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What is a dental implant?
Dental implants are titanium roots placed in the maxillary or mandibular bone that firmly hold the individual crown. Natural teeth consist of the crown and root. The crown is the visible section that is covered by white enamel. The crown is supported by the root of the tooth that extends to the maxillary bone.
There are usually three parts to what is described as an implant:
Current implants are mostly made of titanium, a biocompatible metal that offers strength and durability as well as a unique property of fusing directly to the bone (osseointegration). Other materials such as zirconium may be used in the future. However, for now these materials have not been perfected for general use.
What is osseointegration?
Dental implants work through a process known as osseointegration, which occurs when bone cells adhere directly to the surface of titanium, which essentially fixes the implant to the maxillary bone. The placement of dental implants in the jaws through controlled surgical procedures allows them to “osseointegrate.”
Osseointegrated implants can be used to support prosthetic tooth replacements with various designs and functionality, replacing from a single missing tooth to a complete arch (all teeth in the lower and / or upper jaw). These replacement teeth are usually made in such way that they match the natural enamel color of each patient, offering a totally new smile and a natural appearance.
Are dental implants for me?
It is very likely that if you are reading this, you or someone you know has lost teeth. Whether they have been lost due to an accident, illness or tooth decay, dental implants are an excellent replacement option for almost anyone.
Dental implants can be used when:
Dental implants will return your smile and you can eat most of the food you want since your new teeth are strong and stable. Dental implants will look and feel like their own natural teeth.
Am I a suitable candidate for dental implants?
A thorough examination of the entire mouth (including teeth and gums) and assessing its bite (occlusion) is necessary, which is important for the success of your implant restoration.
It is not acceptable to proceed with the treatment if there are areas of dental, parodontal or bone disease, since they can affect the success of your surgery for implant placement, as well as the integration and maintenance of the implant itself.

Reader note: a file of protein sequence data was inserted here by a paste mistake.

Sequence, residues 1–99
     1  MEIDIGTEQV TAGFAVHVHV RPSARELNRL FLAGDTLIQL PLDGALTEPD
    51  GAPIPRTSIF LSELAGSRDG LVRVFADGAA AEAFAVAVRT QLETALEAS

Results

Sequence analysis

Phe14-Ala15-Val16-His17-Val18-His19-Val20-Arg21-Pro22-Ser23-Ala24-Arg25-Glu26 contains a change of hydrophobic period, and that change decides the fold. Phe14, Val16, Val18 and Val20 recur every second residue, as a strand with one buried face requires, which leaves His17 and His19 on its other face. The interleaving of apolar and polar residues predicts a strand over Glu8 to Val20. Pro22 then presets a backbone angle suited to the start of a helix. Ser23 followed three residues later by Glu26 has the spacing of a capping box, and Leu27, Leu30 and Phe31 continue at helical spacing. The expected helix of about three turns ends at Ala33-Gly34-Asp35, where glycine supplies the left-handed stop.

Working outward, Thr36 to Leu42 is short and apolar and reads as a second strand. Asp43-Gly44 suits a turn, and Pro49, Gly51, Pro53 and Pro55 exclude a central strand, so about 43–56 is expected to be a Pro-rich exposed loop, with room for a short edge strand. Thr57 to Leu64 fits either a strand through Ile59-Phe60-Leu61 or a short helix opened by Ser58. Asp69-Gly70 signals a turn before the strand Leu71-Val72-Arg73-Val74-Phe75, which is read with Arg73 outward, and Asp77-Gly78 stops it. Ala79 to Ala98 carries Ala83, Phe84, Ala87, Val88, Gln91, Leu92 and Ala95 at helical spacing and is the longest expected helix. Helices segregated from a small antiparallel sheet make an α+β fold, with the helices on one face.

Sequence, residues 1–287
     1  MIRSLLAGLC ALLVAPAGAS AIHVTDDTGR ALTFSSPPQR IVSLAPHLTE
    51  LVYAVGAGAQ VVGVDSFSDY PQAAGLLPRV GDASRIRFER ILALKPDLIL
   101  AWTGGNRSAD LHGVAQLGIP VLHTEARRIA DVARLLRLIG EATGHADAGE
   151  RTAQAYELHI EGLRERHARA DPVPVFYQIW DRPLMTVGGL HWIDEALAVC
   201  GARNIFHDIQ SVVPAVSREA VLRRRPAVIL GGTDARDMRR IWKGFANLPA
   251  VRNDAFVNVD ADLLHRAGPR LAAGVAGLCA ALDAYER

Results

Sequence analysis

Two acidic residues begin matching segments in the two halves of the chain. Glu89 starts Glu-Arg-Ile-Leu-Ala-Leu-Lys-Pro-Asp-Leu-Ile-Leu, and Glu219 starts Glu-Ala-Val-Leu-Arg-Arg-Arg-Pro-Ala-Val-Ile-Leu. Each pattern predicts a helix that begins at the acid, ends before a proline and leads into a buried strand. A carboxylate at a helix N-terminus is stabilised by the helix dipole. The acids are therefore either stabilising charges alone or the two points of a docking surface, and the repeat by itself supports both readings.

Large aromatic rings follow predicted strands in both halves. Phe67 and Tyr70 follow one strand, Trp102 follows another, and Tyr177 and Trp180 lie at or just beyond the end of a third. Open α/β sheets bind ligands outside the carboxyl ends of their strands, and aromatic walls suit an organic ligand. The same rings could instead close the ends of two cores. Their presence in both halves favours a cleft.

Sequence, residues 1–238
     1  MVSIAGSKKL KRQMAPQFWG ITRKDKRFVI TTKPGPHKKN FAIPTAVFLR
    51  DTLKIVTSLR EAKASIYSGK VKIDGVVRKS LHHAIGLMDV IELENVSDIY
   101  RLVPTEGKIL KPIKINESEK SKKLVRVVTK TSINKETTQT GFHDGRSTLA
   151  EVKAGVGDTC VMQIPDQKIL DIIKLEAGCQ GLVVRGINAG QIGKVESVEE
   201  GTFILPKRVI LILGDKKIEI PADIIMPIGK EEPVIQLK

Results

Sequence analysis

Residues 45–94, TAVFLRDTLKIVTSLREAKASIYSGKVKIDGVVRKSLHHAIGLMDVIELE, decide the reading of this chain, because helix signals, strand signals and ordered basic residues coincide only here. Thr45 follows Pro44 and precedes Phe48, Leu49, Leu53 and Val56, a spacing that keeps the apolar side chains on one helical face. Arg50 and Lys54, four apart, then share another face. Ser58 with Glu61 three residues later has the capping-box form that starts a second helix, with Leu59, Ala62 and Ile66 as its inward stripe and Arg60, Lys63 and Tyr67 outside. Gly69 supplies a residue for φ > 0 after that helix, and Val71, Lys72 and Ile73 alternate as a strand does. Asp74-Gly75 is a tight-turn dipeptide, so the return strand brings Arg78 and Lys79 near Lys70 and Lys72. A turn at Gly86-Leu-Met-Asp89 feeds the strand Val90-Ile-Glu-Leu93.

The most accurate form of x-ray images available now is computed tomography, also known as CT. Dentists often use medical tomographs to diagnose, analyze and devise treatment plans for implant surgery.
There are other types of tomographs known as conical beam volumetric computed tomographs or CBCT that can provide similar images and be converted to the most commonly used software programs available for analysis by dentists.
CBCT tomographs use a significantly smaller amount of radiation and may be available at an imaging center or at your surgeon’s office. Both types of tomograph provide very detailed, three-dimensional images that can accurately measure the height and width of the available bone, as well as locate nearby anatomical structures (such as the maxillary sinuses and mandibular nerves) that the surgeon must keep in mind during implantation. dental.
Because all radiation doses are cumulative and the potentially harmful effects of excess radiation are well documented, it is necessary to weigh the benefits of improved diagnostic images against the risks of radiation exposure, based on needs and circunstances particular of each patient.
Sometimes other diagnostic studies are required in order to proceed adequately with the treatment of dental implants. A full periodic parodontal examination is necessary to determine the presence of parodontal disease, and if so, devise an effective treatment plan. An examination of each individual tooth is also necessary to properly identify and treat any active caries or other dental pathology.
Dental impressions are required at various times of the treatment to assess the status of the bite and proceed with the proper restoration of the dental implant (s) in coordination with the rest of the dentition. To record your progress and help your treatment plan, photographs and / or video will be used.